Last summer, the folks running National Public Radio started to get a clear message from their listeners and member stations: Give us podcasts! They received e-mail requests from listeners for months, and the term “podcast” was one of the most searched terms on NPR.org. The public spoke, and NPR listened, launching podcasts on Aug. 31. [more]
Here is a piece I wrote in the July 2005 issue of inFOCUS
So what does it mean to use the tools of mass
communication (television, radio, and the Internet) within
a community context? What happens when the commercial
push of profit and advertising are not the dictators of
what gets shown? Is community television (or radio)
different than public television (or radio)? How does the
vast openness of the Internet get focused and used so it
serves a common good and not just individual pleasure?
As I enter new work, both at LTC and at the UMass-Lowell,
these are the questions that keep bubbling up in my mind.
Places like LTC are unique. There are very few spaces
in our current landscape where powerful resources are put
into the hands of the average citizen. These resources
are given freely. The use is with no-strings attached. The
only requests are to share and respect the rights and safety
of others. Unlike commercial television (or even public
television), the information and content produced must
serve no other master than the expressive mind of the
creator. Dollars and political agendas do not determine
what gets cablecast. Rather a system of shared use
amongst a range of individual interests prevails. An
electronic commons is the gift we have been given.
Amazing to think that a system where significant funding
comes from a private interest (the cable company) and
sanctioned by the public (the local government), community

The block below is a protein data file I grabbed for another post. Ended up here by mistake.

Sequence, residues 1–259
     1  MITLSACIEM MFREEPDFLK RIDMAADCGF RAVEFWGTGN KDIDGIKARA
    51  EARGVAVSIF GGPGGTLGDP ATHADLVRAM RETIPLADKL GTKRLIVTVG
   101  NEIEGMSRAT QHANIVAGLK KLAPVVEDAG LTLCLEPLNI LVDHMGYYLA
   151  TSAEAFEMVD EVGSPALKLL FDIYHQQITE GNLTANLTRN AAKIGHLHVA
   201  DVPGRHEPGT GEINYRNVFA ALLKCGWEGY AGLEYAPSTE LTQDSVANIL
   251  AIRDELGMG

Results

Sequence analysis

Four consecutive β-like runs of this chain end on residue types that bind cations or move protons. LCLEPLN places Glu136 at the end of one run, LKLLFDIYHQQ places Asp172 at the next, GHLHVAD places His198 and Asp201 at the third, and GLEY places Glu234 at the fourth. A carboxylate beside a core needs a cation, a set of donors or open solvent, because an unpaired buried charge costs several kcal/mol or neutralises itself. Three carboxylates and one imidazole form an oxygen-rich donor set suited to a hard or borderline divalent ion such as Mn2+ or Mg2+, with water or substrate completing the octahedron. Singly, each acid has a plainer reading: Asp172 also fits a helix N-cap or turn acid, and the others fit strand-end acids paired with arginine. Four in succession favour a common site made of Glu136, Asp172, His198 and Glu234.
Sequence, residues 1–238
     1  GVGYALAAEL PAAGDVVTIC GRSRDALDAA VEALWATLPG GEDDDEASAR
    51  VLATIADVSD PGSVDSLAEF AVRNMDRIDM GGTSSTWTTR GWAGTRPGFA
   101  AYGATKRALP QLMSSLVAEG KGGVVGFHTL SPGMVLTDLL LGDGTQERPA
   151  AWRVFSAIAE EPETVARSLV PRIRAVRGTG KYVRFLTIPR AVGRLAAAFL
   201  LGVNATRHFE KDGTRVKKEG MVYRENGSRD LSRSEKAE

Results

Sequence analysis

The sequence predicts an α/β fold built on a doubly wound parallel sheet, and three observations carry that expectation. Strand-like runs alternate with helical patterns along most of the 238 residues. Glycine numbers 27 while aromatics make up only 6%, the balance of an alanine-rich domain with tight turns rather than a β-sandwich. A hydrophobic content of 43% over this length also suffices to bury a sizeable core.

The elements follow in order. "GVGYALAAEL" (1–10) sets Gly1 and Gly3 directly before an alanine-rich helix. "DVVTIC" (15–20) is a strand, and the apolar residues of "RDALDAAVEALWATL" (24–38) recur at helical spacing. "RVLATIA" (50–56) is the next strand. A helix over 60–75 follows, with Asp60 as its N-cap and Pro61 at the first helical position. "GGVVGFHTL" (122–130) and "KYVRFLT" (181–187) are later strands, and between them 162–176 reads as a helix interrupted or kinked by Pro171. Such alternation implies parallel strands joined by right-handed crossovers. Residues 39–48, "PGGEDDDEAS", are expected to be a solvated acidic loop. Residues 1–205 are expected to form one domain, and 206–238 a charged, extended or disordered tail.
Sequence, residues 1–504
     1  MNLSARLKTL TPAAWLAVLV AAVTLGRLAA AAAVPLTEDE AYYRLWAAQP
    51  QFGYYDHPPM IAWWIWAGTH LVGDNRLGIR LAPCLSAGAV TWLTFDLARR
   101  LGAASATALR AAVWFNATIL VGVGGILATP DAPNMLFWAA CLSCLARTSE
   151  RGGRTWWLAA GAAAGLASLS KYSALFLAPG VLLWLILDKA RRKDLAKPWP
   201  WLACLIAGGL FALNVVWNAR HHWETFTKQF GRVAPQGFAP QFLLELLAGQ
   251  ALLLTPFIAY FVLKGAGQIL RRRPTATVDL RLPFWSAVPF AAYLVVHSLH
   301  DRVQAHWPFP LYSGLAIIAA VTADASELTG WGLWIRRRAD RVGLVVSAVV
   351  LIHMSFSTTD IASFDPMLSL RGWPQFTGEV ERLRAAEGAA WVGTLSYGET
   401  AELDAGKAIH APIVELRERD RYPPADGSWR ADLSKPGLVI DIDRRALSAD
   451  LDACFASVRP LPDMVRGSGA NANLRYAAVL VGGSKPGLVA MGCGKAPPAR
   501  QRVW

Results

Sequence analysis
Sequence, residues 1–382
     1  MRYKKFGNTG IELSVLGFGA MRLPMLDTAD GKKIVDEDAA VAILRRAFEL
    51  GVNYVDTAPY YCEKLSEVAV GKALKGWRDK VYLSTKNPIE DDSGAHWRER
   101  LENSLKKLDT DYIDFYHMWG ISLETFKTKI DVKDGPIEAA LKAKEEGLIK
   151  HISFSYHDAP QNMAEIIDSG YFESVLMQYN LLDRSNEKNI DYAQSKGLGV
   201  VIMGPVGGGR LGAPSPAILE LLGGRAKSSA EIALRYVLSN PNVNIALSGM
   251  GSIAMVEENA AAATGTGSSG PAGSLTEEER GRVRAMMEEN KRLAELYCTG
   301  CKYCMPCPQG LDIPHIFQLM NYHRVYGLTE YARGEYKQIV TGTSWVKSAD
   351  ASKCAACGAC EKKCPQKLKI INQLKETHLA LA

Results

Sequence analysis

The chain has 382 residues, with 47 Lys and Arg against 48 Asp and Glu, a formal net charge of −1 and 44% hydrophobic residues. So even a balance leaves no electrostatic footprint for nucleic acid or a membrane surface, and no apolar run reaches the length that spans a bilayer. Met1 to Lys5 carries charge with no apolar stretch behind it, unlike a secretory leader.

television is beholden to neither but exists to serve and
be used by you, the community. It is yours to use as you
see fit and with the hope that you will use it well.
As LTC’s interests in online communities begin to gel
around projects like the DigitalBicycle, it is important for
us to think through how these technologies will serve the
community here and elsewhere. Will local communities
have the ability to determine how these systems will be
used? Is a culture of sharing what is produced rewarded
Will commercialism be resisted? Are all welcome to participate?
These are the questions we must ask to ensure that community
And what a dream it would be if all of our community
information and communication resources were put toward that
ideal of creating an information and communication commons.
If we as a community demanded more from our media than
entertainment as means to sell us more stuff. A community
communication system would enrich us. It would reflect who we
are as a community. It would allow us to discuss and share
important stories. It would tell us where we have been and
where we are going. It would be accountable to us (not the
politicians, not the corporations, not the advertisers) . us, the
Kenyatta Cheese has posted a couple of really useful ways to think about portable video production. One is this diagram about the various developments that are converging. It can be found here:
The other is a list of short portable videos he used to kick off his Portable Video Production Workshop at USC:
I keep misplacing this brief overview of roles that I sent to the ACM list over a year ago. Thought I should post it here to I won’t loose it again.
I completely agree with you about your assessment on the need for studio space that is easier to use as well as a valuable asset that should not be given up. Also agree that LIVE programming becomes one of the things we have to offer that will continue to draw producers out of their homes. I also see the trend in staff produced initiatives that Chuck highlights. We should always be the folks who provide access to skills, equipment and systems outside the means / abilities of the average citizen (at this time it includes leveraging the skills of computer programmers, much like the early days of video engineering). We should also be prepared for the coming age of distributed distribution (via P2P and IP-enable systems) and the delivery of content by telcos and other infrastructure providers. Nothing that folks on this list aren’t already well aware of.In my mind, I see the field filling the following roles in the future:
EDUCATORS / KNOWLEDGE BROKERS
clearly this is a strong part of our tradition and as long as we stay ahead of the curve and continue to offer up knowledge at affordable or low-cost levels, we will have an important role to play. From my own experience, deepening and professionalizing our education programs needs to happen in many places.